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Kim, Kim, Kim, Kim, Jang, Oh, Jin, Rho, and Lee: Changes in Atrioventricular Node Physiology Following Slow Pathway Modification in Patients with AV Nodal Re-entrant Tachycardia: The Hypothetical Suggestion of Mechanism of Noninducibility of AVNRT

Abstract

Background and Objectives:

In cases of radiofrequency catheter ablation (RFCA) for patients with atrioventricular nodal re-entrant tachycardia (AVNRT), complete elimination of slow pathway is not always achievable. Furthermore, in situations of the so-called modified slow pathway, the underlying mechanism of tachycardia elimination remains unclear.

Subjects and Methods:

Patients who underwent RFCA for AVNRT, and showed persistence of dual atrioventricular nodal physiology but no induction of AVNRT after ablation were enrolled. We measured electrophysiologic parameters before and after the ablation procedure.

Results:

The study subjects included 31 patients (39% men; mean age 43±19 years). The RR interval, Wenckebach cycle length of AV node, slow pathway effective refractory period, maximal AH interval of fast pathway and slow pathway showed no significant changes before and after ablation. However, fast pathway effective refractory period (360±67 vs. 304±55, p<0.001) and differences between slow pathway effective refractory period and fast pathway effective refractory period (90±49 vs. 66±35, p=0.009) were decreased after slow pathway ablation.

Conclusion:

We suggest a possible relationship between the mechanism of tachycardia elimination in AVNRT and an alteration of the re-entrant circuit by removal of the atrial tissue in Koch’s triangle. This may be a critical component of providing the excitable gap for the maintenance of tachycardia rather than the electrical damage of slow pathway itself.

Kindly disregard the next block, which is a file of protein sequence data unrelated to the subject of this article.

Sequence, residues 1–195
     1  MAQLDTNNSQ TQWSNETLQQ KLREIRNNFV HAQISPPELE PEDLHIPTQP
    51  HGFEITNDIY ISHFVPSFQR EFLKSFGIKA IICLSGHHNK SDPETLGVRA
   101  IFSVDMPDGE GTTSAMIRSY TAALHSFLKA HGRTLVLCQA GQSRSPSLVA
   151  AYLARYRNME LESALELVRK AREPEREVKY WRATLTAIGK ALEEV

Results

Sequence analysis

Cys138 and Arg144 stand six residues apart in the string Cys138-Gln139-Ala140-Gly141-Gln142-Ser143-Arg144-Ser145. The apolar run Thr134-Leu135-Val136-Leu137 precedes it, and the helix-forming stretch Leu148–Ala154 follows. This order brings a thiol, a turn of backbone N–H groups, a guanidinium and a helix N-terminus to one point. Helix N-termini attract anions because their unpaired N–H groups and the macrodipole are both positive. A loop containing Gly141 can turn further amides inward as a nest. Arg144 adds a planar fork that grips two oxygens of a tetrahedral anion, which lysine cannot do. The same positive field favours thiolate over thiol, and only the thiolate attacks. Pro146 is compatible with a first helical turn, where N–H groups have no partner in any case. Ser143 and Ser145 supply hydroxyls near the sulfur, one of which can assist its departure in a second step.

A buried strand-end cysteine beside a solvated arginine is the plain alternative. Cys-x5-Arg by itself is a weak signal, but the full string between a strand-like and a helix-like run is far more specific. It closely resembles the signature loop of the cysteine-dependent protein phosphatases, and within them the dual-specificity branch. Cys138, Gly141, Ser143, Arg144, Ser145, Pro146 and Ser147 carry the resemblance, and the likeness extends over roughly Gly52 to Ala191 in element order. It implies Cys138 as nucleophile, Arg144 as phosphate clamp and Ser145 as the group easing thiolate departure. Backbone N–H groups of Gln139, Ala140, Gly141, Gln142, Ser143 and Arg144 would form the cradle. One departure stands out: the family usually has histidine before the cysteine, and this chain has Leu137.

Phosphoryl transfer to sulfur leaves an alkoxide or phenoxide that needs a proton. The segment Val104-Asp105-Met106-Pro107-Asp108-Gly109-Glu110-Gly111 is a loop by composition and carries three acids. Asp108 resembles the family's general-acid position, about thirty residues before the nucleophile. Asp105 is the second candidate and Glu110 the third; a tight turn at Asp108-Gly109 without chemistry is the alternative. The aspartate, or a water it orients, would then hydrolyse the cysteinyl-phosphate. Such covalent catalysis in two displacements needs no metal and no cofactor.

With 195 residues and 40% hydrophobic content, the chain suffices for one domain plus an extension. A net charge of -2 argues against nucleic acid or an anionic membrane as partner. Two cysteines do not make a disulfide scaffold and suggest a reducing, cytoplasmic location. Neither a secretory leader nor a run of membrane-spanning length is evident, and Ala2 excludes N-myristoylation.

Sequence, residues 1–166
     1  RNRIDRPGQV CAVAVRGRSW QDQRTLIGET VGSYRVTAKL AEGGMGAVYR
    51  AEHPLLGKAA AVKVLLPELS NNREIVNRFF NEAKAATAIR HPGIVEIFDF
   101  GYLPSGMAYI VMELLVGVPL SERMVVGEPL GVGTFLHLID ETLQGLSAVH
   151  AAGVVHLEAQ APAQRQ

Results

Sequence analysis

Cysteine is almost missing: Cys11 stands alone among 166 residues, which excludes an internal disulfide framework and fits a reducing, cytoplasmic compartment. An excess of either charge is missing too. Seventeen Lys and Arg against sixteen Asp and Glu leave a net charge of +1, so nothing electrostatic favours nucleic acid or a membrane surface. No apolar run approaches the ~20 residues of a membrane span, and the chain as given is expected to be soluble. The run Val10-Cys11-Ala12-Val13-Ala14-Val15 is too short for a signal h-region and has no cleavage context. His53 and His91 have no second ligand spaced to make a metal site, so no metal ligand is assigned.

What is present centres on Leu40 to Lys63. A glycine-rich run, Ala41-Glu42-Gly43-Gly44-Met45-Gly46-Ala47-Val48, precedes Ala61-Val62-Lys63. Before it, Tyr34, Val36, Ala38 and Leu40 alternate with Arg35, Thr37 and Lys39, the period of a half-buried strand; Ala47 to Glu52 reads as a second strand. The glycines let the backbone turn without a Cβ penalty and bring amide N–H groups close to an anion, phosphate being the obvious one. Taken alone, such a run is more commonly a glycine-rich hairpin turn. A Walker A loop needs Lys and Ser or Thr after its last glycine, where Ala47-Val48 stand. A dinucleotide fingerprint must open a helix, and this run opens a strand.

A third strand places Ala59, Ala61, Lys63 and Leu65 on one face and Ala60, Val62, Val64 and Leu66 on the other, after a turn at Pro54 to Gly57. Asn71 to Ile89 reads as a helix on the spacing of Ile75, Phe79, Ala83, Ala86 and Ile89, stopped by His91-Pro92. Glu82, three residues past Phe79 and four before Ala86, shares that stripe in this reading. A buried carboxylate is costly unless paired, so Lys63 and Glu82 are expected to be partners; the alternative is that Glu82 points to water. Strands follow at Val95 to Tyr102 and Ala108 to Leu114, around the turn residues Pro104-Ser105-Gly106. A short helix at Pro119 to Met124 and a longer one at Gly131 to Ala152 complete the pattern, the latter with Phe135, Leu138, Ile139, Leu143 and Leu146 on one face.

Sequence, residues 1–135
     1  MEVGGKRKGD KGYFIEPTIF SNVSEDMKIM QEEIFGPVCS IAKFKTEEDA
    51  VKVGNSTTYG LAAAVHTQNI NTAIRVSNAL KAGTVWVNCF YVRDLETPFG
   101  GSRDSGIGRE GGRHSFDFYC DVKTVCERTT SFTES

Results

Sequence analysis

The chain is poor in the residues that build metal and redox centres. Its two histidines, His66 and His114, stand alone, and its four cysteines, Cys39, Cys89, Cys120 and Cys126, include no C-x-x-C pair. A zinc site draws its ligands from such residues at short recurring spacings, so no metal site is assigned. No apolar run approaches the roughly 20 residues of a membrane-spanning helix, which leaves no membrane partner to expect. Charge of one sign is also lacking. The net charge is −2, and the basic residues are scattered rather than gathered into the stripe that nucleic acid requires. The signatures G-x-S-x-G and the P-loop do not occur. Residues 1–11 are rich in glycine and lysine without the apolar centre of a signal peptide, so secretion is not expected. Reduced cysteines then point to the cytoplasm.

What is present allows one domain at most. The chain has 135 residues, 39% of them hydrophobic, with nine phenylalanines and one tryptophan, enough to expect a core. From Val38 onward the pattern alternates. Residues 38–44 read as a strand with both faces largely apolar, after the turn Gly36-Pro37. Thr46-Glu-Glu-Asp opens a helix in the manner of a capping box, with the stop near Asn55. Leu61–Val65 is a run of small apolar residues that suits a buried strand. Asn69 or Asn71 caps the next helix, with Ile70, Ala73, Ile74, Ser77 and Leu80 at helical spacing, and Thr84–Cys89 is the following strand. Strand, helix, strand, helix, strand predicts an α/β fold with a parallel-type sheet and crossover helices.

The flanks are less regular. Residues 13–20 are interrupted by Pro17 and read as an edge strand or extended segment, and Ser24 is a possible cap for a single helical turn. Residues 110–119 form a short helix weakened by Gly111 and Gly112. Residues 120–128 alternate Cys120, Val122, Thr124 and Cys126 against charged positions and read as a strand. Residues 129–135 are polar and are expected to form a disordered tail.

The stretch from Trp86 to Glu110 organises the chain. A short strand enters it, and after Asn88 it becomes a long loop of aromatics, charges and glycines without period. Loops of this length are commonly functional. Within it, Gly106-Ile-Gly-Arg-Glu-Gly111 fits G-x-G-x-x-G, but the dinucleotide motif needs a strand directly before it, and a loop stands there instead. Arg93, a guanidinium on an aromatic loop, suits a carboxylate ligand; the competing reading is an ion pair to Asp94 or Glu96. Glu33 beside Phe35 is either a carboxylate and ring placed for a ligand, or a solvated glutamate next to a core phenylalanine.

Introduction

Radiofrequency catheter ablation (RFCA) of the slow atrioventricular (AV) nodal pathway, guided by anatomic landmarks or targeting the slow pathway potential from intracardiac electrograms, has become the treatment of choice in symptomatic patients with AV nodal re-entrant tachycardia (AVNRT) [1]. Based on the favorable clinical results, regardless of the presence of slow pathway following ablation, both the elimination of slow pathway conduction or persistence of dual AV node physiology without induction of AVNRT have been regarded as a successful RFCA end point of AVNRT. Thus, the elimination of the slow pathway conduction is not required, in terms of a cure, for AVNRT with ablation [2-6]. However, the mechanism of noninducibility of AVNRT despite the remaining slow pathway is still unclear.
To understand the mechanism of this noninducibility, we assessed changes in the electrophysiologic properties of the AV node after RFCA.

Subjects and Methods

Patients

The study subjects were 31 consecutive patients (39% men; mean age, 49±19 years) with typical AVNRT, who underwent slow pathway ablation. All patients had documented AVNRT by electrocardiogram. Antiarrhythmic drugs were withheld at least five half-lives before the electrophysiologic procedure. All of the induced AVNRT were slow/fast form of AVNRT. The dual AV node physiology was noted before ablation and persisted even after successful ablation procedure.

Electrophysiologic study

Each patient received an informed written consent form detailing the electrophysiologic study and ablation procedure. We used a total of four electrode catheters and the following catheter positions. Two quadripolar electrode catheters with 5 mm spacing (Daig Corp., St. Jude Medical Inc., Minnetonka, MN, USA) introduced via the left femoral vein and positioned at the high right atrium and right ventricular apex. A hexapolar catheter with 2-5-2 mm spacing (ResponseTM, Daig Corp., St Jude Medical Inc.) positioned at the His bundle site. A decapolar catheter with 2-8-2 mm spacing inserted into the left subclavian vein and positioned in the coronary sinus (Daig Corp., St Jude Medical Inc.).